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Espadrilles are sandals made of canvas, with soles of varying heights decorated with rope. The sandals were first made over 600 years ago in Catalonia, but the name itself is French. It can get confusing, though, if you look for espadrilles in Canada, since this is the normal Quebec term for running or jogging shoes. The French name for the sandal comes from the Catalan word, espardenya, which referred to a tough grass used for weaving the ropes that form the bottom of the shoes. Today’s espadrilles may no longer use espardenya, and rope styling on the bottom may be glued to wooden, plastic, or rubber soles.
The early espadrilles were peasant made and worn by peasants. A small amount of canvas combined with a rope-work bottom was much cheaper than leather. Many featured a lace up component to keep the sandals firmly attached to the feet.
If we jump forward to modern days, espadrilles are popular summer sandals, mostly made for women in many countries. They’re particularly associated with casual summer wear, clothing for cruise ships, and for women who want a dressier but still comfortable sandal look in hot weather. Designers make a number of styles, which can get uncomfortable if the heel is very high, but there are many non-brand name espadrilles that are cheaply made and purchased.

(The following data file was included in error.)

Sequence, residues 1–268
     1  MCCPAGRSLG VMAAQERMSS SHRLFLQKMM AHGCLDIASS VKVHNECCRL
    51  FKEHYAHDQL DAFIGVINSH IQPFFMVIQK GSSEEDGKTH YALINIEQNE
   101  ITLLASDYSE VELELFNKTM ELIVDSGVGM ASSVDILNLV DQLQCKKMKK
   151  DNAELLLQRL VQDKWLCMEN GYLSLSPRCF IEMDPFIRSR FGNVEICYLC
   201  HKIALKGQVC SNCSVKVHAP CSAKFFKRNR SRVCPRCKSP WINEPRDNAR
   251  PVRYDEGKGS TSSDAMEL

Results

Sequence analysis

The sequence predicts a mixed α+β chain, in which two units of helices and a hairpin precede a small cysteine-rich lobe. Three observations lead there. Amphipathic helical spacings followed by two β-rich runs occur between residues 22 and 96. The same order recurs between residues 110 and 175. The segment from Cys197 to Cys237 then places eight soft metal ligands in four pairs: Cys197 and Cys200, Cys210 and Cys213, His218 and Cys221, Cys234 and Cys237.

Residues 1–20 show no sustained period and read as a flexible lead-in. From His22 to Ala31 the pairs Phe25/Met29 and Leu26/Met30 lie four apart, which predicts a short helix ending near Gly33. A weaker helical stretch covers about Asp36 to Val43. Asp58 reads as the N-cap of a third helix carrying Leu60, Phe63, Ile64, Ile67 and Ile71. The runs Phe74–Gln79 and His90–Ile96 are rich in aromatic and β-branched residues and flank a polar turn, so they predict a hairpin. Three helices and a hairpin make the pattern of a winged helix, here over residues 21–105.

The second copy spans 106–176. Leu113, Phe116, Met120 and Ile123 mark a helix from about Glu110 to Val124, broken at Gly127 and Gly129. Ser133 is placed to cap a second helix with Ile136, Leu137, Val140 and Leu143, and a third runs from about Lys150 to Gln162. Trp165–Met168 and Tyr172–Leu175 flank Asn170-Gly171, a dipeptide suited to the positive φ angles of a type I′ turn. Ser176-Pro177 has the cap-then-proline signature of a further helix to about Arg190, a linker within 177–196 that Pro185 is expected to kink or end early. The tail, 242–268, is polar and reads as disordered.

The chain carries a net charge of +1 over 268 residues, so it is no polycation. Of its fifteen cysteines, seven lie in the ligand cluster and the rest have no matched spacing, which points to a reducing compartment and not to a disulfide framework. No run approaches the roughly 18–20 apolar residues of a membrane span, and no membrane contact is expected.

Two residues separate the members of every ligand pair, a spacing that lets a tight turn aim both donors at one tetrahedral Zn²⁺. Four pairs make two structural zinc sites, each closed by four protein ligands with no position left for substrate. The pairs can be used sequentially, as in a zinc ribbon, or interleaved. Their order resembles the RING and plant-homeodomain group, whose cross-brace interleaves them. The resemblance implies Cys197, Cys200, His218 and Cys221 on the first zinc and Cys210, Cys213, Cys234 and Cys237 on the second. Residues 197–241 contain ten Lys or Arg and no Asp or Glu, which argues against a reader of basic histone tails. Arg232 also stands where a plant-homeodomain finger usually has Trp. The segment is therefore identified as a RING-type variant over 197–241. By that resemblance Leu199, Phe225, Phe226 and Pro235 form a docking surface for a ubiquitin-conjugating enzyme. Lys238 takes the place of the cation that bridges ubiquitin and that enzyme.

The soles of modern espadrilles are usually wedges, with a gradual incline of the heel. You can find flat espadrilles or platform styles, too. Many are slip on or slide versions, but still others may feature ankle straps to keep the foot more secure. Though many of the variants, especially of less expensive brands, feature synthetic roping around the heels, a popular feature is the use of jute, a natural fiber, to make the roping. Jute espadrilles with cotton canvas tops are made in great number in Bangladesh where they may be exported to Europe and the US.
When jute is used, gluing the jute rope to the shoe sole can actually be a laborious process. They may be not only glued but also stitched, and many feature extra designs in the rope weave to provide a fancier shoe. Despite the more labor-intensive work required in the manufacture of espadrilles, they are often less expensive than other summer sandals, unless you want espadrilles with a designer name. Then, expense is approximately equal to other designer sandals.
Here's a question: Only Kmart sells cheap Chinese espadrilles with rubber soles, just like sneakers. I remember when Chinatown novelty stores used to sell these shoes. When did Kmart put a lock on this style when everybody has his own ripoff of Crocs?
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